control pills, the contraceptive patch or<br />

vaginal ring, the Depo-Provera shot, an<br />

IUD, or the Nexplanon arm implant,”<br />

Fogg said. “This is a conversation to<br />

discuss if one of these options is the right<br />

fit for the patient.”<br />

<strong>The</strong>re is also a newfound autonomy<br />

for women in college. Problems that may<br />

have been brushed under the rug while<br />

growing up can finally be addressed in a<br />

more private matter.<br />

“Once at college, women are busy and<br />

want a solution. <strong>The</strong>y are able to address<br />

their health care needs themselves and<br />

decide this is the time to meet with a<br />

health care provider and discuss their<br />

options,” Fogg said.<br />

Get tested: Sexual health doesn’t have to be scary<br />

CW / Jo Dyess<br />



<strong>The</strong> CDC reports that 1 in 5 people<br />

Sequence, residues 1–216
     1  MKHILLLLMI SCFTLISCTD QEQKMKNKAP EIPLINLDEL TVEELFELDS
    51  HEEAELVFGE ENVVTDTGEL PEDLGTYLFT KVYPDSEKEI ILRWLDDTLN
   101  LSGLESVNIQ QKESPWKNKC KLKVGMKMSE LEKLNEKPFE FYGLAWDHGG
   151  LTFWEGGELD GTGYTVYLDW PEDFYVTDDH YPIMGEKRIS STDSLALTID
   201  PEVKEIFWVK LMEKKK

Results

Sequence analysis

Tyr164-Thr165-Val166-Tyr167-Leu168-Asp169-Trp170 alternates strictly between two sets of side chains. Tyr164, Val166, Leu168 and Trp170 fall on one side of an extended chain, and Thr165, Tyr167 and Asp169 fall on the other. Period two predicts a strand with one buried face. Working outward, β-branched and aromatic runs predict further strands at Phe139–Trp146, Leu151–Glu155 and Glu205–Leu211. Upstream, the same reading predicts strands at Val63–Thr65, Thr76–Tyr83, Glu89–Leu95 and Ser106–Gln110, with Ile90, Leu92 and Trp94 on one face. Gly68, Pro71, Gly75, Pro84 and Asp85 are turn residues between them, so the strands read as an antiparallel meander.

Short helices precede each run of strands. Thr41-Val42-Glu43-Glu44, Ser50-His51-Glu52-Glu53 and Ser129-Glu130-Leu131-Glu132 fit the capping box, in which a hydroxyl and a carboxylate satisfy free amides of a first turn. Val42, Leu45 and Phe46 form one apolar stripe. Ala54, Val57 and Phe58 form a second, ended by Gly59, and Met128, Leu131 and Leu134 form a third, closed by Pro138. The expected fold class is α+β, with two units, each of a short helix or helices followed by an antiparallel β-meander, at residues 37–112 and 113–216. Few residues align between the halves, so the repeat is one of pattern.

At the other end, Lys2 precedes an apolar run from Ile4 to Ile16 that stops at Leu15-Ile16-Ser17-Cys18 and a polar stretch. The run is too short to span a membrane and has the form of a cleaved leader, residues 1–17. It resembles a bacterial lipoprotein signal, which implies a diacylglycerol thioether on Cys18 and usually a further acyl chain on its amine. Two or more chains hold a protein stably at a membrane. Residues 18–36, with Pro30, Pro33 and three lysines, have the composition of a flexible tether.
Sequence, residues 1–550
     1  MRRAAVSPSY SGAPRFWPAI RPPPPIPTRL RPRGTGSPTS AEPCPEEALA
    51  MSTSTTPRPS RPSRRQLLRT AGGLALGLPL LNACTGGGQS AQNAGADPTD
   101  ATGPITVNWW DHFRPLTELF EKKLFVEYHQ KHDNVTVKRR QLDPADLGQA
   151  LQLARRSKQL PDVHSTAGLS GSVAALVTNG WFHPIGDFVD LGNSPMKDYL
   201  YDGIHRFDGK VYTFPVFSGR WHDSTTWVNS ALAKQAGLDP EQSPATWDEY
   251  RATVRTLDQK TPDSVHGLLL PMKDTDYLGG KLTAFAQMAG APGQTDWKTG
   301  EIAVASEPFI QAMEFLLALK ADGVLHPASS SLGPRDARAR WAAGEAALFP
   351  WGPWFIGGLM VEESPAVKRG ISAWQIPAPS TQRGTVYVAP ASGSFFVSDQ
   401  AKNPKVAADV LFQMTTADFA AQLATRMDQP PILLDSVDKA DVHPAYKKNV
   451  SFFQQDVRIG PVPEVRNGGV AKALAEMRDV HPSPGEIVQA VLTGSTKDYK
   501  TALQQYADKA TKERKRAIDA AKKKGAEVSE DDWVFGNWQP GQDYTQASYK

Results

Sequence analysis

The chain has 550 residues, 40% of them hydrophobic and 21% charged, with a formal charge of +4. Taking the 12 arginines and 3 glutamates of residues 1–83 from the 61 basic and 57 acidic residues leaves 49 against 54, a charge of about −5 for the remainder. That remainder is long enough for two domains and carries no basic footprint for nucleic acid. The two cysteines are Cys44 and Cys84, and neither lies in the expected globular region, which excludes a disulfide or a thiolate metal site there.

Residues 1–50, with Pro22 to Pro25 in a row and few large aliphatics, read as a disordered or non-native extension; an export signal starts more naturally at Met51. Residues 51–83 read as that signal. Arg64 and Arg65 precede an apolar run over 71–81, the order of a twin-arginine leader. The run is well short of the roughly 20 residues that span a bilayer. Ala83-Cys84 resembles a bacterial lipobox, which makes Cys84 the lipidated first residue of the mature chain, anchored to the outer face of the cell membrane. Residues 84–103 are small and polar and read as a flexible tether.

in the U.S. have a sexually transmitted<br />

infection. Additionally, according to<br />

a <strong>2022</strong> report by Innerbody Research,<br />

Tuscaloosa is No. 57 on a list of cities in<br />

the U.S. with the highest STI rates.<br />

While many illnesses are openly<br />

discussed, sexually transmitted infections<br />

remain a stigmatized topic, despite their<br />

prevalence among college students.<br />

According to Hartford <strong>Health</strong>care in<br />

2021, 1 in 4<br />

college<br />

students have a sexually<br />

transmitted disease.<br />

However, due to laws protecting student<br />

privacy, exact statistics for <strong>The</strong> University<br />

of Alabama are seldom published.<br />

<strong>The</strong> Alabama Department of <strong>Health</strong><br />

reports that Tuscaloosa County has a<br />

significantly higher rate of chlamydia,<br />

gonorrhea and all stages of syphilis.<br />

“I know [the UA STI rate] is high, but<br />

I can’t give an exact number,” said Megan<br />

Williams, a doctoral student studying<br />

health education.<br />

Considering that this issue is<br />

highly prevalent, it’s as important<br />

to make students aware of how<br />

it’s being combated and the<br />

resources that are available in<br />

Tuscaloosa.<br />